holm

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See also: Holm, hõlm, and ħolm

English[edit]

Pronunciation[edit]

Etymology 1[edit]

From Middle English holm, holme, from Old English holm (wave, ocean, water, sea, islet) and Old Norse holmr, holmi (islet), both from the Proto-Germanic *hulmaz (rising ground, hill, island), from Proto-Indo-European root *kelH- (to rise, be elevated, be prominent; hill). Cognate with Old Saxon holm, Old Danish hulm, Middle Low German holm, German Holm, Middle Dutch holm, Swedish holme, Norwegian Bokmål holme, Icelandic hólmur.

Alternative forms[edit]

Noun[edit]

holm (plural holms)

English Wikipedia has an article on:
Wikipedia
  1. Small island, islet.
  2. An island in a lake, river or estuary; an eyot.
  3. (dialect, chiefly West Yorkshire(?), Scotland, Orkney) Any small island, but especially one near a larger island or the mainland, sometimes with holly bushes; an islet. Often the word is used in Norse-influenced place-names. See also holme.
  4. Rich flat land near a river, prone to being completely flooded; a river-meadow; bottomland.

Translations[edit]

Etymology 2[edit]

From Middle English holm, holme, alteration of Middle English holin (holly). Doublet of hollin and holly.

Noun[edit]

holm (plural holms)

  1. (obsolete outside dialects) The holly.
    1590, Edmund Spenser, chapter 1, in The Faerie Queen[1], page 1:
    The fruitful olive, and the plantane round;
    The carver holm; the maple, seldom inward sound.
  2. A common evergreen oak of Europe, Quercus ilex; the holm oak.
Derived terms[edit]

Anagrams[edit]


Danish[edit]

Danish Wikipedia has an article on:
Wikipedia da

Etymology[edit]

From Old Norse holmr, from Proto-Germanic *hulmaz.

Noun[edit]

holm c (singular definite holmen, plural indefinite holme)

  1. a small island

Inflection[edit]


Dutch[edit]

Etymology[edit]

From Middle Dutch and Old Dutch holm, ultimately from Proto-West Germanic *holm (hill, rise).

Pronunciation[edit]

Noun[edit]

holm m (plural holmen, diminutive holmpje n)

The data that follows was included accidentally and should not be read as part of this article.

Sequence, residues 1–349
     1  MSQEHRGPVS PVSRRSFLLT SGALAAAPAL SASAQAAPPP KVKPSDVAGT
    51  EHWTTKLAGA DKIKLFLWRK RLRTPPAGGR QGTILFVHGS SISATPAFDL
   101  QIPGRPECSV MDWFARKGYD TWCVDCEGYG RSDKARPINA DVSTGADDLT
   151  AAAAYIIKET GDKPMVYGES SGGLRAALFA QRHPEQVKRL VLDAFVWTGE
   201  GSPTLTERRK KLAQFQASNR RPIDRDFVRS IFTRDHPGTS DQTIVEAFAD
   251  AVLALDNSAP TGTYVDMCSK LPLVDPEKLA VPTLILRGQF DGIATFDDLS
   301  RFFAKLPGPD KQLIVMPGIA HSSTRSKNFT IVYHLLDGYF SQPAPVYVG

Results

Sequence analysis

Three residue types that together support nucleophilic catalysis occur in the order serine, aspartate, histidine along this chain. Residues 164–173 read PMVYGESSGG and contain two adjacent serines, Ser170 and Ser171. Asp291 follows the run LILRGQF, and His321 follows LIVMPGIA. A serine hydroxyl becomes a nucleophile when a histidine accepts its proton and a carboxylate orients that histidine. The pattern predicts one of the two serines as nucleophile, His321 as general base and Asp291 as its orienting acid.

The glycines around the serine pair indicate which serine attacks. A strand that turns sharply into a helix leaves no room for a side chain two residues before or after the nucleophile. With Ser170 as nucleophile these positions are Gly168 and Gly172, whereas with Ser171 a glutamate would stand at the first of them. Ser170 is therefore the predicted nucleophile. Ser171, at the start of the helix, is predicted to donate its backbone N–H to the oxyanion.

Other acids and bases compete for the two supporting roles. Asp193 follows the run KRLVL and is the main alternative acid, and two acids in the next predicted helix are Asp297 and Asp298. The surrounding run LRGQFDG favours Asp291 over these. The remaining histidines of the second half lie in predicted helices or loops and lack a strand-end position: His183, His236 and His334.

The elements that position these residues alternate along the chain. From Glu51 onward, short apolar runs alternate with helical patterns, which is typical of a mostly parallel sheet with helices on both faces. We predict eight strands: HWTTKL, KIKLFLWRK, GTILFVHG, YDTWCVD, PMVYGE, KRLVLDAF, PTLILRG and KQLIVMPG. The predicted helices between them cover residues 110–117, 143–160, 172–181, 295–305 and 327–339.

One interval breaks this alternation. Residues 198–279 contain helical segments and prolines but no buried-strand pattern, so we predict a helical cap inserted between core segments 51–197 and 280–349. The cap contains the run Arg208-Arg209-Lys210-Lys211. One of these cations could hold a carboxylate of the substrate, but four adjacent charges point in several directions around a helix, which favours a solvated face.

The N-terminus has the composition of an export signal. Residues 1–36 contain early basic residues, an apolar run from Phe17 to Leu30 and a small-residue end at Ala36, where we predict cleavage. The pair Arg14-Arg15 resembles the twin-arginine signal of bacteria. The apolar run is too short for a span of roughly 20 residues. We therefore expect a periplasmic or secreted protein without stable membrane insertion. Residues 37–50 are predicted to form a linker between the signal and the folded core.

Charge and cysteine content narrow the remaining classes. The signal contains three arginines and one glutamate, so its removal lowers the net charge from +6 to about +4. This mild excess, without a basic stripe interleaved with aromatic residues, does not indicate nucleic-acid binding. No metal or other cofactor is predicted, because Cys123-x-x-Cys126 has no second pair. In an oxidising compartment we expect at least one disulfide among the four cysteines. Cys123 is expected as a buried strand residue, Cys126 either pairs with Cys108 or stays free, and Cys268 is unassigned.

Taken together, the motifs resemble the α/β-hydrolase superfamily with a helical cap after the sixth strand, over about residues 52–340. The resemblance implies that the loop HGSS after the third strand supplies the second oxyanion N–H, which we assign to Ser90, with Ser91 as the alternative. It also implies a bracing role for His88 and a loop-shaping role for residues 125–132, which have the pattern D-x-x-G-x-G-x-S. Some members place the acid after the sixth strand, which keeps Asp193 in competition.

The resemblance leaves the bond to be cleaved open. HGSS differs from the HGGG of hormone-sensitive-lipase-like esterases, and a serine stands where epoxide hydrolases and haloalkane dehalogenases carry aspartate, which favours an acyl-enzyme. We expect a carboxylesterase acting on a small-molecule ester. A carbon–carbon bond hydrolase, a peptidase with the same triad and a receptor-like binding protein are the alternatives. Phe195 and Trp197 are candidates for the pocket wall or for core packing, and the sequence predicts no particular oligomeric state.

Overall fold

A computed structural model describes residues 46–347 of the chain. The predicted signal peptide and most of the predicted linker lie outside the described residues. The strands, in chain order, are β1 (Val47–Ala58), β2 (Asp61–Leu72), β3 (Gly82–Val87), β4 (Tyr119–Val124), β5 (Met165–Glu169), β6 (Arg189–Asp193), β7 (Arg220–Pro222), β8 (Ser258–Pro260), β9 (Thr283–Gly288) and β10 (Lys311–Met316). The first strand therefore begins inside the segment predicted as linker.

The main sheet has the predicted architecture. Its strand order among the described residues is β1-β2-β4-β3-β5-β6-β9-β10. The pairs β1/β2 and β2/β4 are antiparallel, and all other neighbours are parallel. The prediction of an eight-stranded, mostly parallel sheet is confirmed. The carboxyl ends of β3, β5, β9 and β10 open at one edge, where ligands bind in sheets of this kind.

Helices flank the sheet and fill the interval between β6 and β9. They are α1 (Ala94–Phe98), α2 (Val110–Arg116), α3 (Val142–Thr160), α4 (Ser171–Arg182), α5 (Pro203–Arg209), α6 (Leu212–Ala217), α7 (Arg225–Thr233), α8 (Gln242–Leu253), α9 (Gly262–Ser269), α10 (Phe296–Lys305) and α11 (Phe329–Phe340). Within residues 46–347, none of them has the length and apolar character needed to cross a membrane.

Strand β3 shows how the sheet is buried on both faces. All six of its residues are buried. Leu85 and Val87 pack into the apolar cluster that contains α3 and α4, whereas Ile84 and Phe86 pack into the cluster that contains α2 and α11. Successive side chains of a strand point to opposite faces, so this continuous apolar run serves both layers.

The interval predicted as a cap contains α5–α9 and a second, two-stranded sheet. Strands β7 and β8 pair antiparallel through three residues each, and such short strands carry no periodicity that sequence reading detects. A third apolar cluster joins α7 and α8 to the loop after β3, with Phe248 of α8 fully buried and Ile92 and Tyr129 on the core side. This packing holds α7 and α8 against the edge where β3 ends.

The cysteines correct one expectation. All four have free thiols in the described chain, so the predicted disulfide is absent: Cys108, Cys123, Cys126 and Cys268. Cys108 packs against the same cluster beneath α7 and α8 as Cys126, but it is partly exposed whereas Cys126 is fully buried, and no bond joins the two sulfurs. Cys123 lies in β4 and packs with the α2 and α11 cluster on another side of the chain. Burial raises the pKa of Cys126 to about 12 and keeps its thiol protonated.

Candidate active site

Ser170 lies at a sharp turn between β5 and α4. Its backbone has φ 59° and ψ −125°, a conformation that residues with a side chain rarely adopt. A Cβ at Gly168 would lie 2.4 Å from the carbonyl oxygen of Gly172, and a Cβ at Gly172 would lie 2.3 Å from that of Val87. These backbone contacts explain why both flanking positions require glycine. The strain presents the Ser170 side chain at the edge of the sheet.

1. a small island

Old English[edit]

Etymology[edit]

From Proto-West Germanic *holm (island), though the meaning was influenced by Old Norse holmr.

Cognate with Old Saxon holm (German Holm), Old Dutch holm (Dutch holm); also Latin culmen (peak); compare culminate.

Pronunciation[edit]

Noun[edit]

holm m (nominative plural holmas)

  1. (poetic) ocean, sea, waters
    Ða wæs heofonweardes gast ofer holm boren.
    The spirit of God moved upon the face of the waters.

Declension[edit]

Descendants[edit]

  • Middle English: holm, holme

Polish[edit]

holm
Polish Wikipedia has an article on:
Wikipedia pl
Chemical element
Ho
Previous: dysproz (Dy)
Next: erb (Er)

Pronunciation[edit]

  • IPA(key): /xɔlm/
  • (file)

Noun[edit]

holm m inan

  1. holmium (chemical element, Ho, atomic number 67)

Declension[edit]

Further reading[edit]

  • holm in Polish dictionaries at PWN

Slovene[edit]

Etymology[edit]

From Proto-Slavic *xъlmъ.

Pronunciation[edit]

  • IPA(key): /xòːlm/, /xóːlm/

Noun[edit]

họ̄lm m inan

  1. hill

Inflection[edit]

Masculine inan., hard o-stem
nom. sing. hólm
gen. sing. hólma
singular dual plural
nominative hólm hólma hólmi
accusative hólm hólma hólme
genitive hólma hólmov hólmov
dative hólmu hólmoma hólmom
locative hólmu hólmih hólmih
instrumental hólmom hólmoma hólmi

Further reading[edit]

  • holm”, in Slovarji Inštituta za slovenski jezik Frana Ramovša ZRC SAZU, portal Fran

Swedish[edit]

Etymology[edit]

From Proto-Germanic *hulmaz. Cognate with Old Norse holmr, Icelandic hólmur, Old Church Slavonic хлъмъ (xlŭmŭ).

Pronunciation[edit]

Noun[edit]

holm n

  1. islet (especially nearby river or mainland)

Declension[edit]

Declension of holm 
Singular Plural
Indefinite Definite Indefinite Definite
Nominative holm holmen holmar holmarna
Genitive holms holmens holmars holmarnas

Derived terms[edit]

References[edit]